MODELLING CARBON FLOWS IN CROP AND SOIL. Krisztina R. Végh. Carbon and Nitrogen flows and storage. Eckersten, 1994). Carbon flows in the CoupModel. Organic residues: surface litter, rhizodeposition: 900-3000 kg C/ha. C/N:20-80. C/N:10-30. Dissolved organics. (Jansson, 2004).
MODELLING CARBON FLOWS IN CROP AND SOIL
Krisztina R. Végh
Carbon and Nitrogen flows and storage
Carbon flows in the CoupModel
Organic residues: surface litter,
rhizodeposition: 900-3000 kg C/ha
C input: crop growth
3 approaches for the simulation of plant growth :
the potential growth is a function of time
growth is estimated from WUE and simulated transpiration
light use efficiency is used to estimate potential growth rate, limited by unfavorable temperature, water and N conditions.
Allocation of assimilated C to the different plant parts
Plant biomass is divided into compartments of carbon (CLeaf, CStem, CRoot, Cgrain Cmobile)
Different response functions of C allocation to roots from above ground mass
shoot mass, water stress, leaf C:N
Decomposition and mineralization – Soil organismsm are implicit
The decomposition is substrate controlled and calculated as a first order rate process:
When soil organisms are implicit, the soil profile includes maximum of three carbon pools with specific decomposition rates kl, kf, kh.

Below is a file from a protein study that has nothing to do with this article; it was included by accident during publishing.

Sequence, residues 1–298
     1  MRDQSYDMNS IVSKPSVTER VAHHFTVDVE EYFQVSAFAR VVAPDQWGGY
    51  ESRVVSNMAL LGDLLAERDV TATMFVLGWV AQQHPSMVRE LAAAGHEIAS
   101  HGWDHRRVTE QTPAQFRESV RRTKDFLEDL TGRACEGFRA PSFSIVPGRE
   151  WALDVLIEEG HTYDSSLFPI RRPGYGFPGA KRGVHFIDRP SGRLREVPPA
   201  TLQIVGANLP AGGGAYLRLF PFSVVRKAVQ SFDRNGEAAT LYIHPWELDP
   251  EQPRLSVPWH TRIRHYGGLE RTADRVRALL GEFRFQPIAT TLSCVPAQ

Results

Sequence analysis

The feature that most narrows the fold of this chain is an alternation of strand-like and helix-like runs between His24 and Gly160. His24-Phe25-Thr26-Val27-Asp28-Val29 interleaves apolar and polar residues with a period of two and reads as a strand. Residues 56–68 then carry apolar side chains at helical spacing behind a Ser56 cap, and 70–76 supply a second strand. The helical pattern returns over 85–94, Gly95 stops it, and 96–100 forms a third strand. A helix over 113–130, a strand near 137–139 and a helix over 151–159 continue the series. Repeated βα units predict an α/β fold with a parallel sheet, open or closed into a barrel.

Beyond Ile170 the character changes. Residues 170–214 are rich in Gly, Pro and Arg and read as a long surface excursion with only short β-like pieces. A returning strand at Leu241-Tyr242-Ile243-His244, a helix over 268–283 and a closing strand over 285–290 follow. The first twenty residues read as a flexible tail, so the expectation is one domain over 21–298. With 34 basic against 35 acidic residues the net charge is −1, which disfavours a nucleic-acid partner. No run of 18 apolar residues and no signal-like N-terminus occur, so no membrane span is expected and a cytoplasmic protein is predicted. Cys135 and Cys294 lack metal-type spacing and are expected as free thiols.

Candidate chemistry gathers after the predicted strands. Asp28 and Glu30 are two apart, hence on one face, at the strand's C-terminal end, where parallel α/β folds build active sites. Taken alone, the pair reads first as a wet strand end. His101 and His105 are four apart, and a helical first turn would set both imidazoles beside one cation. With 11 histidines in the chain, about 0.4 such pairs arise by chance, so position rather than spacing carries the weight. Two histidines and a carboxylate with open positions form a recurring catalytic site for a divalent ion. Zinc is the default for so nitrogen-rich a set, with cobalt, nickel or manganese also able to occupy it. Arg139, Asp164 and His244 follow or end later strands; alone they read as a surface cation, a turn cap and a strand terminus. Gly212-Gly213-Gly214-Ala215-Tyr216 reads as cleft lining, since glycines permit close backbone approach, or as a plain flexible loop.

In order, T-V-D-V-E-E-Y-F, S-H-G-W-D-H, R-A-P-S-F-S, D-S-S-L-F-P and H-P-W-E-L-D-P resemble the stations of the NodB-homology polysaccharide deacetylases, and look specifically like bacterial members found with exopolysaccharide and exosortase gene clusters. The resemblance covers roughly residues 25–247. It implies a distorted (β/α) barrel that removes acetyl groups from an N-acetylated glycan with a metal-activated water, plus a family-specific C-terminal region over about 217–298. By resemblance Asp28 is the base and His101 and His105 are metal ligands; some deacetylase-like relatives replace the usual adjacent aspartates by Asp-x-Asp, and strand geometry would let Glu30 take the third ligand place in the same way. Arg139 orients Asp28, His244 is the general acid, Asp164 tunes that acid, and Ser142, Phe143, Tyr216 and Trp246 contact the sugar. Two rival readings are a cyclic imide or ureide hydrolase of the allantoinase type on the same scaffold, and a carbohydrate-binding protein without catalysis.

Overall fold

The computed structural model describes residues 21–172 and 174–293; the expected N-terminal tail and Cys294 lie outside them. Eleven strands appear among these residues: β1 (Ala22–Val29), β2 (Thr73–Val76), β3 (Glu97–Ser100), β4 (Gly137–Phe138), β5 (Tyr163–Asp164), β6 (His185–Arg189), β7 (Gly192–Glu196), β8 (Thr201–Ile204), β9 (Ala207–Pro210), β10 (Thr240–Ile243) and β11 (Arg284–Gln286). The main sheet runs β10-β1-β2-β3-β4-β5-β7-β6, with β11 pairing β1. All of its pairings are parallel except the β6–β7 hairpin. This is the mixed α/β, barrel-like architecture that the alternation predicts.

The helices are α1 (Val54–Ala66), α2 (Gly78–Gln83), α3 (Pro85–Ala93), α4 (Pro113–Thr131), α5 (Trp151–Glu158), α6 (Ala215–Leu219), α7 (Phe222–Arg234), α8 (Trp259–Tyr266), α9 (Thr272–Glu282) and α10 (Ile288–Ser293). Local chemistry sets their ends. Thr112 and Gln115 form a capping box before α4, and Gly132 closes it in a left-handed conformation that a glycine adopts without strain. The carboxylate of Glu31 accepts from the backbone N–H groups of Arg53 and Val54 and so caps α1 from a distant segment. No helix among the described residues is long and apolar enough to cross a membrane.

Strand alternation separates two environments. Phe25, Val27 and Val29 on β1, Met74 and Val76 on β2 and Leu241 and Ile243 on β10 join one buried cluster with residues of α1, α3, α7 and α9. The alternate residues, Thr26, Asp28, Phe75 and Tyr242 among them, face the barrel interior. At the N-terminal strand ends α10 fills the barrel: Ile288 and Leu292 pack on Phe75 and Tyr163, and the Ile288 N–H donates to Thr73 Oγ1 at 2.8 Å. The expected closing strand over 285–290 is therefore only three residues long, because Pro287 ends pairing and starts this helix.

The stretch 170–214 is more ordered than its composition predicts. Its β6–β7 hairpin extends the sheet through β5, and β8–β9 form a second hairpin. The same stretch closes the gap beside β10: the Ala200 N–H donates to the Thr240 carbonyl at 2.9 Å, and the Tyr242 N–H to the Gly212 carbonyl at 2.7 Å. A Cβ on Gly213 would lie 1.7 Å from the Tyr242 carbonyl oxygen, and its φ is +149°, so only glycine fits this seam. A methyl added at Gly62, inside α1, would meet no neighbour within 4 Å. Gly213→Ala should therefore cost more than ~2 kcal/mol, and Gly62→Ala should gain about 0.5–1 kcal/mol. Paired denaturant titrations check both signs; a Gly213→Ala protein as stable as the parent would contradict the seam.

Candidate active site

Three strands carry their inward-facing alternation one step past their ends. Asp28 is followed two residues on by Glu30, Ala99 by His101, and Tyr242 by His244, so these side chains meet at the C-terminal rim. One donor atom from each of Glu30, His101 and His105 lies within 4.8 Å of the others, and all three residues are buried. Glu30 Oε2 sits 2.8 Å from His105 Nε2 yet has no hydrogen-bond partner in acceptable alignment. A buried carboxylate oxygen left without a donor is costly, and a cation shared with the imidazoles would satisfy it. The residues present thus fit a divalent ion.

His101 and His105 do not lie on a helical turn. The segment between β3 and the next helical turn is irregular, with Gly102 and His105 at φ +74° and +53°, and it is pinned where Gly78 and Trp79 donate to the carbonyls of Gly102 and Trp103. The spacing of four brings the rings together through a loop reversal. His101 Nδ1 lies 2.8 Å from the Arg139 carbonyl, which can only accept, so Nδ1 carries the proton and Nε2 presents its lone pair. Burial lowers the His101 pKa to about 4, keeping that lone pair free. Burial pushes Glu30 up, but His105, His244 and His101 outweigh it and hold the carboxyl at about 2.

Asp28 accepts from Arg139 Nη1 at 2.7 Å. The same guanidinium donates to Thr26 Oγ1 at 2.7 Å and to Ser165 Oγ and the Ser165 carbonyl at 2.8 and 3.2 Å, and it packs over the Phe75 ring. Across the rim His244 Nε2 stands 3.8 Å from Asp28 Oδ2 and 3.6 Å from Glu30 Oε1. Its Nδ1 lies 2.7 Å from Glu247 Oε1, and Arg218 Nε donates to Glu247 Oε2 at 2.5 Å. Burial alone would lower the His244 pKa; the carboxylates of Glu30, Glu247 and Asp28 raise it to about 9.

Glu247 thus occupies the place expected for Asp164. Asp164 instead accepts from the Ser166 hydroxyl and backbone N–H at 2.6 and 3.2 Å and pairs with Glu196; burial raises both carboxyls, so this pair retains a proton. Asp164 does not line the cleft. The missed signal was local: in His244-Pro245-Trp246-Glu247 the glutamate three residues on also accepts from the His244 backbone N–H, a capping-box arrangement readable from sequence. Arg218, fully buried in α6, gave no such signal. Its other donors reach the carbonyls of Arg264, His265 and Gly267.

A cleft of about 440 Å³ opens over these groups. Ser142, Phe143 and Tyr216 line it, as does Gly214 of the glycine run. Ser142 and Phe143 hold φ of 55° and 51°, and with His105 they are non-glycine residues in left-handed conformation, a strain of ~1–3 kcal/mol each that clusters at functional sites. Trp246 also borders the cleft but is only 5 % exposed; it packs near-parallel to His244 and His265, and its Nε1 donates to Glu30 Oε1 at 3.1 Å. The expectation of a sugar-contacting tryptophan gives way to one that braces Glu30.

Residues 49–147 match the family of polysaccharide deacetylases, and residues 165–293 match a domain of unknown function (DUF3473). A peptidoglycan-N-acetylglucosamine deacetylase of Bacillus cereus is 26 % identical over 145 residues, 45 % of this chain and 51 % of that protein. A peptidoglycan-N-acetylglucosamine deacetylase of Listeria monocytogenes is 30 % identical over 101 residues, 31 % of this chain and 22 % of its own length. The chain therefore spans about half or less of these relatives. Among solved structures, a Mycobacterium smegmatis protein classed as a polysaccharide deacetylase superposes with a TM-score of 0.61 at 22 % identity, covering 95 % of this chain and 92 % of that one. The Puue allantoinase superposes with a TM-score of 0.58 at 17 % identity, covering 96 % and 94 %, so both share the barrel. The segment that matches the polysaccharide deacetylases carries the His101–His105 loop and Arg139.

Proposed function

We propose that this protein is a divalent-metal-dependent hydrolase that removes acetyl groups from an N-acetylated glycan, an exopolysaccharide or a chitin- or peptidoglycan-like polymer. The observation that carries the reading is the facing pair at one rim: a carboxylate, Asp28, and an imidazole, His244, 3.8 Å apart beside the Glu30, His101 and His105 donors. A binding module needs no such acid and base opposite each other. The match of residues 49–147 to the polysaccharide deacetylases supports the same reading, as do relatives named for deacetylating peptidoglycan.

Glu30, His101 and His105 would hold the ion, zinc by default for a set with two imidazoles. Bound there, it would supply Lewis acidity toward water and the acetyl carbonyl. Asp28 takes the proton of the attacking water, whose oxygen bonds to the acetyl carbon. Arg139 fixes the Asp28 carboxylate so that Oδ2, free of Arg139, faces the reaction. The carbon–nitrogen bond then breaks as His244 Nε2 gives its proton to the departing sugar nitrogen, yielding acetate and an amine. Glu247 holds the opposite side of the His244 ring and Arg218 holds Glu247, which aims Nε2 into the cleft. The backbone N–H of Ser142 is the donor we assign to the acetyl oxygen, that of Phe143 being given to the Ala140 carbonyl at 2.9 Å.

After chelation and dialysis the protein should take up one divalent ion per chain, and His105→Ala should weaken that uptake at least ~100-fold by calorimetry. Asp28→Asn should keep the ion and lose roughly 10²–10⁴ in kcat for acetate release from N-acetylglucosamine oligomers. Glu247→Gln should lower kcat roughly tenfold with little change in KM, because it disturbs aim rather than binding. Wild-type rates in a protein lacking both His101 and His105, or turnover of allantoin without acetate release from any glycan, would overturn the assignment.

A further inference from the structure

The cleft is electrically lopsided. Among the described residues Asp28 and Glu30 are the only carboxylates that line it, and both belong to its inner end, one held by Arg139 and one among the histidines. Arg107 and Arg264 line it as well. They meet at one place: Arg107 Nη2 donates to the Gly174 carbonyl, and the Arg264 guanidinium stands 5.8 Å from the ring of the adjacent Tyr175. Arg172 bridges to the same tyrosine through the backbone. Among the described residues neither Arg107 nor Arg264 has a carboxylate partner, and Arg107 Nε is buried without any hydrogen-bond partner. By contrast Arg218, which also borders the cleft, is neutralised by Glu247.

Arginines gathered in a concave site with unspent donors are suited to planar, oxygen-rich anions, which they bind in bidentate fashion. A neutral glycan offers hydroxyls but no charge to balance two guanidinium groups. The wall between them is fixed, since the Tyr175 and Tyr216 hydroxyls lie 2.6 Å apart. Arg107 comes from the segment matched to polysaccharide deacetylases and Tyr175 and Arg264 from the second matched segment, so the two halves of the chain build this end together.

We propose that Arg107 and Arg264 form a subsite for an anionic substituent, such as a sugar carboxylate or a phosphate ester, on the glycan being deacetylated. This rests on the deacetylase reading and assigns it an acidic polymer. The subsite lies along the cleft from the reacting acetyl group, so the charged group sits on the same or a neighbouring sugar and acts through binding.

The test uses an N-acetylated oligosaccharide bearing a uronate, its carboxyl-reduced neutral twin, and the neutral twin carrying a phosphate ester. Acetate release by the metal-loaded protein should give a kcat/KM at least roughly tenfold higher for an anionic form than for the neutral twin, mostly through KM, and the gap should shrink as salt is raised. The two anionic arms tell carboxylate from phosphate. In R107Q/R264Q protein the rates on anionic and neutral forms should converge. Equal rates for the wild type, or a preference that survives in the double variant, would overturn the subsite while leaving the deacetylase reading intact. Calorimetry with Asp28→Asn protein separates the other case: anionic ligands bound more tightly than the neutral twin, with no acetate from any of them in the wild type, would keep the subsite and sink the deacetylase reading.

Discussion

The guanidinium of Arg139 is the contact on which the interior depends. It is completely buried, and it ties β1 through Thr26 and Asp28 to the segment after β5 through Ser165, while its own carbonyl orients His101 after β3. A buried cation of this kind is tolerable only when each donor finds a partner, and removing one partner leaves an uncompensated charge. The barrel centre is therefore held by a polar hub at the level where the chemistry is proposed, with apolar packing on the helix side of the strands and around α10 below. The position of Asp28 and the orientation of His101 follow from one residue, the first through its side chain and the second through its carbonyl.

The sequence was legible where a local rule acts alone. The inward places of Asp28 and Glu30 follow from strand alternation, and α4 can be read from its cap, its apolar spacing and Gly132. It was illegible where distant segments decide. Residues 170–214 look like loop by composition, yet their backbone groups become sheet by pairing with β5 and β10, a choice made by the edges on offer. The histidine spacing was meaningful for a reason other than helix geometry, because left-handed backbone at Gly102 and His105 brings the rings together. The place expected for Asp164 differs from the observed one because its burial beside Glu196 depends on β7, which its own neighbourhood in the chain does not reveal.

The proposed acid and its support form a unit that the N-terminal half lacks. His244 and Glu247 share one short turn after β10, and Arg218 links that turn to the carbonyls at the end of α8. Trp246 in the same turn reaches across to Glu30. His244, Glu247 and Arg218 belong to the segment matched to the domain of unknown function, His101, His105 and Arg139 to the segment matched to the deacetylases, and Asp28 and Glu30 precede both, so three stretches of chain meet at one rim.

The relative amounts of decomposition products
The three rate constants are affected by response functions for soil moisture (f) and temperature (fT).
Efficiency parameter fe determines the fraction of Cthat is not released from the soil as CO2
Organic carbon pools and carbon flows in the soil
Estimated consumption rate of microbes with their efficiency explicitly taken into account + respiration of microbial biomass
fraction of microbes located in the different pools
Scons: substrate half rate concentration
The affects of parameters TemQ10 and TemQ10Bas affect the response function
Q10 temp. response function with a threshold value
Simulation models help to understand the mechanistic relationships between SOC and soil – plant interactions
C flows and OC pools are similarly conceptualized in several models. Simple switches to obtional pools, the possibility of the use of different allocation functions and several abiotic response functions help to describe the processes that interact simultaneously to control C dynamics in crop and soil.